First and foremost, I would like to THANK all of you for your love/support during my run for political office here in the City of Niagara Falls, NY. Now that a couple weeks have gone by since our General Election, and I’ve had alittle time to process some of my thoughts about my experiences, I wanted to share with you my Top 9 Political Lessons I've learned. Before I do this, I want to give you a summarized idea of what I was able to successfully accomplish as a political candidate, and what this means on our local geopolitical landscape. Willfully this encourages some of you to also take this step to serve your City in this capacity.
- Politics are a Team Game. Even though I had such a phenomenal turn-out, and received a lot of public/private support from people affiliated with the Republican and Democratic party, I was still looked at as an uncommitted, unsigned, free agent because I wasn't signed with the Democrats or Republicans on paper. I've had people literally tell me, "I wish you were a Democrat!" and others say they voted for me because I'm really a Republican. Now the most frequent questions people ask me are; "Are you going to run again?", and "Are you going to affiliate yourself with, and help build, one of our major parties?"
- Certain things don't change, and won't change, because some people are in paid positions to uphold a status quo, and keep things the same. These gate keepers are people, black and white, who have rationalized that the scraps they're personally given, are alot better than the crumbs everybody else is getting -and the people giving them these scraps are eating a five course meal.
- Fundraising. Although I did alot with the little money I raised, I know the importance of a real budget now. Something as simple as a political mailer with my unique Dos Equis lawn sign on it, would have definately gotten more votes.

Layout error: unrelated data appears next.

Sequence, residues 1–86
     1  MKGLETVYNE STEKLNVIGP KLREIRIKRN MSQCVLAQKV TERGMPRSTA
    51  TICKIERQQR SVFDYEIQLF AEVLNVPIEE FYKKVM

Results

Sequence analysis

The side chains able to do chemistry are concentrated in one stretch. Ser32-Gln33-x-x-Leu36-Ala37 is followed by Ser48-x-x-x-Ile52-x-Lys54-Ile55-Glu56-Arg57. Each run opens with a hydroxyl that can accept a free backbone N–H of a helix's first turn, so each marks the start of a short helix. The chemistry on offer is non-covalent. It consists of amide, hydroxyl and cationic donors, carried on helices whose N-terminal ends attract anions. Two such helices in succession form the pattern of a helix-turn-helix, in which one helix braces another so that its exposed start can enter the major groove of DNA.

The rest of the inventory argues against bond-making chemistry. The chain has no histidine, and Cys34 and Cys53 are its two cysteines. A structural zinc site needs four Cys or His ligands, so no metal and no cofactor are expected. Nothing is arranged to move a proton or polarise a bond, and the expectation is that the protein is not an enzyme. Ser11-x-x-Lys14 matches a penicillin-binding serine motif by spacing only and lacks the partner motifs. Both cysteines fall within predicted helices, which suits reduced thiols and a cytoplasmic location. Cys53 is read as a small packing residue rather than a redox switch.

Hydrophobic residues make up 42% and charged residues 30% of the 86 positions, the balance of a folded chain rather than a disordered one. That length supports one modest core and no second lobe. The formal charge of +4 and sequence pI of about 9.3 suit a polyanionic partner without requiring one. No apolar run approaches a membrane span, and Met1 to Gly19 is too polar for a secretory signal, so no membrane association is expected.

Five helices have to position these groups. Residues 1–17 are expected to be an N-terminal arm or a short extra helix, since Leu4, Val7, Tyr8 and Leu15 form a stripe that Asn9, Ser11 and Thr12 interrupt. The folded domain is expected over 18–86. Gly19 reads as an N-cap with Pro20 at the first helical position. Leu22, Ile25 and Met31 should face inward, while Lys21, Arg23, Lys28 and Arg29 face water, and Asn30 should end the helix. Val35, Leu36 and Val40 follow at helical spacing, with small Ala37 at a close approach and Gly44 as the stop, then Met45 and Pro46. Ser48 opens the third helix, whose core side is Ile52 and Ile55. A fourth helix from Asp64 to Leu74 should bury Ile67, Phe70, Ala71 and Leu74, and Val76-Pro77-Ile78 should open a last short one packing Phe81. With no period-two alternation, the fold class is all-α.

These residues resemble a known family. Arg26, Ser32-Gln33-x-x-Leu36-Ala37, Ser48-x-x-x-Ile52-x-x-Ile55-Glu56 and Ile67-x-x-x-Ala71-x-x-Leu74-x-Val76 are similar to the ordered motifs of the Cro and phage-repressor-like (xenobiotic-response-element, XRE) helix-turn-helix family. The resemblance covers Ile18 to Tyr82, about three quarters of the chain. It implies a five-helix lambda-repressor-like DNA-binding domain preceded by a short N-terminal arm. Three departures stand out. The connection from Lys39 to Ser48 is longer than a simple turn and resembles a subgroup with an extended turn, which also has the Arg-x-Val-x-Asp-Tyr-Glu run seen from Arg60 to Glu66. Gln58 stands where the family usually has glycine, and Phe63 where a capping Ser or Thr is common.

- When you run for political office, whether you're elected or not, you've still brought issues to the table that people will continue to consider, after that election year. In other words, whether you're elected or not, you're still front stage and center. If one of your main platform points was 'Health and Wellness', you better believe people are going to watch what you eat, the health initiatives you're now supporting, and if you're packing on pounds. In my case, the message I consistently shared with our voters is my Bio; I'm a successful youth mentor, published author, community activist, and public speaker. This is what I actually do for a living, not something I wished, hoped, and would try to do once I got elected to a local political office. Because people are starting to become more aware of this, various opportunities have opened up to me to continue doing just that. This only becomes more of an asset, if I'm considering running for a political office in the future.
- Things people say about you become old news quick when you ignore it. Feeding into "some" things only allows it to live, and sting somebody else. Sometimes, the only statement you need to make is how inappropriate, inconsiderate, or even racist something is, and how you refuse to even dignify that question/accusation with a response.
- Politicians buy votes, and people bet on political elections like the OTB.
- Your enemy's enemy is your friend.
- When people say, "I support you", it doesn't mean, "I'll vote for you." When people say "I'll vote for you", that doesn't mean, "I voted for you", or "I vote" at all. As a political candidate, aside from all the doors you knock on, hands you shake, donations you get, and etc., it all comes down to basic political science; how many votes were cast for you within a 15 hour period in one day. This is what thousands of hours of campaigning, and money, ultimately comes down to.
- As I've stated, the consistent message throughout my campaign was, "This is what I've done, this is what I do, here is where you can verify it, and then you decide for yourself what my qualifications/potential is to represent our legislative district." In otherwords, I came to the local political table like a rapper meeting with a record label, who was already selling half a million albums out of the trunk of my car; a business acumen Rapper E-40 coined 'independent hustle'). Therefore, I was looking for a distribution deal to help expand what the label (legislative district) was currently offering. I wasn't a starving artist begging for record deal. So instead of agreeing to these mutually beneficial terms, the artist that's currently on the label got their 360 Deal renewed for another two years.